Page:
The Chronicles of Oklahoma
Articles Exploring Black History
This page lists recent articles from The Chronicles of Oklahoma relating to Black history in Oklahoma. This list is a work in progress and will be expanded.
Volume 97, No. 3 (Fall 2019)
“An Unflinching Call for Freedom: Clara Luper’s Pedagogy at the Center of Sit-Ins,” by Rachel E. Watson
Clara Luper served on the front lines of the battle to integrate Oklahoma City’s public accommodations. As a teacher and the adviser for the NAACP Youth Council, she taught countless children and teenagers how to demonstrate peacefully as they fought for their civil rights. Rachel E. Watson focuses on Luper’s pedagogy, and how her classroom engagement raised a group of activists calling for freedom.
Prestatehood Muskogee was home to American Indians, African Americans, and white settlers. Four newspapers were established in the town to cater to the different racial groups and political leanings of the citizens. Angela M. Person analyzes the discourse in these four local newspapers, and how that discourse reflected an erosion in African American rights.
Volume 97, No. 2 (Summer 2019)
“West Edwards Days: African Americans in Territorial Edmond,” by Christopher P. Lehman
Before statehood, Edmond was home to a small but vibrant African American neighborhood. African American families saw Oklahoma Territory as a land of opportunity, free from the codified Jim Crow of the surrounding states. As the territory moved toward statehood, however, it became clear that segregation and restrictions on voting rights would come with it. Christopher P. Lehman describes the nearly forgotten African American community centered around West Edwards Street in territorial Edmond.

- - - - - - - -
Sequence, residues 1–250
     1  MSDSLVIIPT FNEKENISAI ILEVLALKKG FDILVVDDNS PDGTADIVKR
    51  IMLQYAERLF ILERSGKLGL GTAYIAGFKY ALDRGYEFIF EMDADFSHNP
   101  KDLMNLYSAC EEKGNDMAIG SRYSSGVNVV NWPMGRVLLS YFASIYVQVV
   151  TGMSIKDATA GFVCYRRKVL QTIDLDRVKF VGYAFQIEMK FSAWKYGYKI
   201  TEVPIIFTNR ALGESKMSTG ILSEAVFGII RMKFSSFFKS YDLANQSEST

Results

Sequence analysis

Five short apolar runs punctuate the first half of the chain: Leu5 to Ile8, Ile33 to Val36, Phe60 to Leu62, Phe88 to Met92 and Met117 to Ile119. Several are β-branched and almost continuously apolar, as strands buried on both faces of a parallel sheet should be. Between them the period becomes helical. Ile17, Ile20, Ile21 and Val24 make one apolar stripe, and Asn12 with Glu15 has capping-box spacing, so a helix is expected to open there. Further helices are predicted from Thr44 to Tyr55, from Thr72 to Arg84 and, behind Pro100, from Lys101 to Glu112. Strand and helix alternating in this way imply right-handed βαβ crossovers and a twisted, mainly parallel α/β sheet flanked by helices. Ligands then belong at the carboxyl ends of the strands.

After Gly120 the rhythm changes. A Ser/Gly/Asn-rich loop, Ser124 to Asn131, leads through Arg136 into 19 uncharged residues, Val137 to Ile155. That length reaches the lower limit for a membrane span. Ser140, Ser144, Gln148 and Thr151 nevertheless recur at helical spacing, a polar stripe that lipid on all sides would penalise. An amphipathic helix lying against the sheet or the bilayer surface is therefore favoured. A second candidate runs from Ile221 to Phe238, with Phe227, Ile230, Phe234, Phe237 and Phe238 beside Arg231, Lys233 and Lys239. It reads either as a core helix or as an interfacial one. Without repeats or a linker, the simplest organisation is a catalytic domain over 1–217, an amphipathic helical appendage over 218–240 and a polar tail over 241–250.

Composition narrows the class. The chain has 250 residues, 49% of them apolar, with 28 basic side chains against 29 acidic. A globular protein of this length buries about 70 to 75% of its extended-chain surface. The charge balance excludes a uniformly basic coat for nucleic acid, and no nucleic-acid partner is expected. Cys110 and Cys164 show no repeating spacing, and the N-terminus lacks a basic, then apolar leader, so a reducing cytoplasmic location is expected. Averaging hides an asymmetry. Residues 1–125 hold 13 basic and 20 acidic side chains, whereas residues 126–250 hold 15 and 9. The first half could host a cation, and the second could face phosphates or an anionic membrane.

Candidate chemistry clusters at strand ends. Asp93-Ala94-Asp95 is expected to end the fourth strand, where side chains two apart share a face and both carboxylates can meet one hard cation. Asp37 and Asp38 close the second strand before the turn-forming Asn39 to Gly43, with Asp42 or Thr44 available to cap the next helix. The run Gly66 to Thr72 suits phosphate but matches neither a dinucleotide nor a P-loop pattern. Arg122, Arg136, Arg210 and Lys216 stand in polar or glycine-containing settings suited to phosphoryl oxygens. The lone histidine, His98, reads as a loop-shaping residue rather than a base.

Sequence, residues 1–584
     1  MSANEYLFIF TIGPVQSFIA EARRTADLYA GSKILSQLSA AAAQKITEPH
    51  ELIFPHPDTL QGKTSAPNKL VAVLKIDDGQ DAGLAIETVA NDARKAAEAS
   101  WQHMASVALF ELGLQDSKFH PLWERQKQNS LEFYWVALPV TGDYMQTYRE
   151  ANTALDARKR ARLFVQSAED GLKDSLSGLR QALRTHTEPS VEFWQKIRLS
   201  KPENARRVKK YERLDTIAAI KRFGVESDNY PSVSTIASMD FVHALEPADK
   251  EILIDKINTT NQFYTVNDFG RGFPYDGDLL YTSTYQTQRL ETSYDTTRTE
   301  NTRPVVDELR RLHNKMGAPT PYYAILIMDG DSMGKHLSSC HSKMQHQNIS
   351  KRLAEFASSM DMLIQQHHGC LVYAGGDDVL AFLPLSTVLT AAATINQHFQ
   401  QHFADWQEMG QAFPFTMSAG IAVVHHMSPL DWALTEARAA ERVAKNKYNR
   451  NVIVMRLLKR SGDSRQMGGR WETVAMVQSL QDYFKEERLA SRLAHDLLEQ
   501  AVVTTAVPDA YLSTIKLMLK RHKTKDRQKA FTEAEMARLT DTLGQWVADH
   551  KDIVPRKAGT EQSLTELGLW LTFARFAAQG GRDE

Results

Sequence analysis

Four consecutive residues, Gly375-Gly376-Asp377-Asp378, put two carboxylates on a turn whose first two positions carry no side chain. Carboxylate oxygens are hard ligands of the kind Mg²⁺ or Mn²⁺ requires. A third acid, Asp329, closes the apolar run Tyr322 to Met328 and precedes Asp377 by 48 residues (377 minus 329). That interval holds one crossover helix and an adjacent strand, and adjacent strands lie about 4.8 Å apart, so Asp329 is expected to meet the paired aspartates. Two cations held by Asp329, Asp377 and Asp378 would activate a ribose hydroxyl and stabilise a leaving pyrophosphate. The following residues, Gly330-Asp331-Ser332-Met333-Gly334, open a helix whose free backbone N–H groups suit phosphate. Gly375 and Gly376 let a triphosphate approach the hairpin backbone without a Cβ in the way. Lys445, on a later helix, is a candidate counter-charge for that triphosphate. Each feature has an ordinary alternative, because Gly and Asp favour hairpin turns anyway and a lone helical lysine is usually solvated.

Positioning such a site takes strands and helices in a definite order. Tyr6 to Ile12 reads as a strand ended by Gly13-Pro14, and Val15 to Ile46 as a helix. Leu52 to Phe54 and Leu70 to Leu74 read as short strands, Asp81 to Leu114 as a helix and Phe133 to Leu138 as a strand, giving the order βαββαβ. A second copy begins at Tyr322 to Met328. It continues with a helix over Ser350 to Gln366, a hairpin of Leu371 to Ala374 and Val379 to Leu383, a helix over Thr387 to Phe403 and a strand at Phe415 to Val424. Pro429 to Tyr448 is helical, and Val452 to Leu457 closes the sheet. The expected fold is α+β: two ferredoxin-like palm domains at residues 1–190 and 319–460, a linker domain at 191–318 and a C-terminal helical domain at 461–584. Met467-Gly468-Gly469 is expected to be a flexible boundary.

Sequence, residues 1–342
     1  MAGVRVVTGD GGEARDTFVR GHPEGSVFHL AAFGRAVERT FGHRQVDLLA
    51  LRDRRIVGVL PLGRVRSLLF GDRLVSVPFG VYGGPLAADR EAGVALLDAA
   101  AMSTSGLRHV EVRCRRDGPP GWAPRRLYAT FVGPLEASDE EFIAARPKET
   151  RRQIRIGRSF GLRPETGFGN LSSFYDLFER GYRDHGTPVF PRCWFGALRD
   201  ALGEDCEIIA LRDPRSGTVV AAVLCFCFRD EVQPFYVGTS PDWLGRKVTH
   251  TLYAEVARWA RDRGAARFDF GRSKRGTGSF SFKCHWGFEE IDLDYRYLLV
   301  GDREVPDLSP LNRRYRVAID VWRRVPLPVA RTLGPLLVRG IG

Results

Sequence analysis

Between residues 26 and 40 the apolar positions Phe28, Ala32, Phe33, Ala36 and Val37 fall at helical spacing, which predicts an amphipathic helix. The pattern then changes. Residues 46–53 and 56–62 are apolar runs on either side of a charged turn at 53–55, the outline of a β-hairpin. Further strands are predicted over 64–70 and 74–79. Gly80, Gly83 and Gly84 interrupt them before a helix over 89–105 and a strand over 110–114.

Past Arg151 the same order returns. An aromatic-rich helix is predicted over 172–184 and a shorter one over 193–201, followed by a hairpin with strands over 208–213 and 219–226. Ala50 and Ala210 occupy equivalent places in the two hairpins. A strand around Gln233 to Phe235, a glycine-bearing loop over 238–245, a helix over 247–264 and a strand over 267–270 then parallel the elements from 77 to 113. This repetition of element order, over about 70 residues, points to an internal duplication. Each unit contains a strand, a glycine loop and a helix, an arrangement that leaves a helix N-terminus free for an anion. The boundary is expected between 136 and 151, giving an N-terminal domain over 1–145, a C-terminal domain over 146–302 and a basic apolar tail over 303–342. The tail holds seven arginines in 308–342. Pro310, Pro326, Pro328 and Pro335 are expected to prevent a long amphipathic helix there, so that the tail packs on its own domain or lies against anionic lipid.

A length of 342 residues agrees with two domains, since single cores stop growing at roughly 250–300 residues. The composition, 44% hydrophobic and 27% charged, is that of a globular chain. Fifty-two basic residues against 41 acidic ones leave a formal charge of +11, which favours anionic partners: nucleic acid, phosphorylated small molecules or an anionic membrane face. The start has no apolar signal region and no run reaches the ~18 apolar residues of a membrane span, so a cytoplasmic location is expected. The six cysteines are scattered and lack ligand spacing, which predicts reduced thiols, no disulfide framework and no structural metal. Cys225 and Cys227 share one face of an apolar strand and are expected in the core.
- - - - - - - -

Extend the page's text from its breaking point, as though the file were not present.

George McLaurin was admitted to the University of Oklahoma College of Education in 1948, but he was required to sit in an anteroom, segregated from his classmates. Through a close analysis of building diagrams, Eric Lomazoff and Bailie Gregory show the evolution of the classroom that would become the focal point of a landmark US Supreme Court case.
Throughout the nineteenth century, American Indian tribes were removed to Indian Territory. After the Civil War, many African Americans came to Oklahoma and Indian Territories looking for opportunity. In the early twentieth century, the Socialist Party became active in the politics of the newly formed state of Oklahoma. Matt Simmons explores the attitude of the Oklahoma Socialist Party toward these two marginalized groups in Oklahoma, and how party leaders did or did not reach out to them.
While there were no ordinances on the books in Norman, Oklahoma, that precluded African Americans from settling within the city limits, the city remained a “sundown town,” a place where African Americans were not welcome after dark, well into the mid-twentieth century. Michael S. Givel depicts how Norman used extralegal means to maintain its sundown status.
Volume 96, No. 1 (Spring 2018)
“Fitting In and Sitting In: Phillip Henry Porter and Memories of Integration Efforts in Enid, 1955–58,” by Aaron Preston
In the 1950s, efforts to combat segregation in public life were taking shape. When Phillips University in Enid wanted to integrate its student body in 1956, the leadership turned to a local student named Phillip Porter. Aaron Preston recounts the struggle for civil rights in Enid and how students stood on the front lines of the battle both inside and outside of the classroom.
Volume 93, No. 1 (Spring 2015)
“Did Oklahoma African Americans Vote Between 1910 and 1943?,” by R. Darcy
African Americans in Oklahoma in the early twentieth century had to overcome institutional racism in their attempts to be heard at the ballot box. In his analysis of election results, Robert Darcy posits that African Americans voted at a higher rate than could be surmised from the legal obstacles placed before them by the Oklahoma Legislature.
In fall 1874 Presbyterian missionaries Taylor and Mary Ealy moved to Indian Territory to teach Chickasaw freedmen at Fort Arbuckle. By studying Ealy and the context of the period, Ellen Cain explores the freedmen’s struggle for identity in Indian Territory during Reconstruction through the impressions and observations of the Ealys.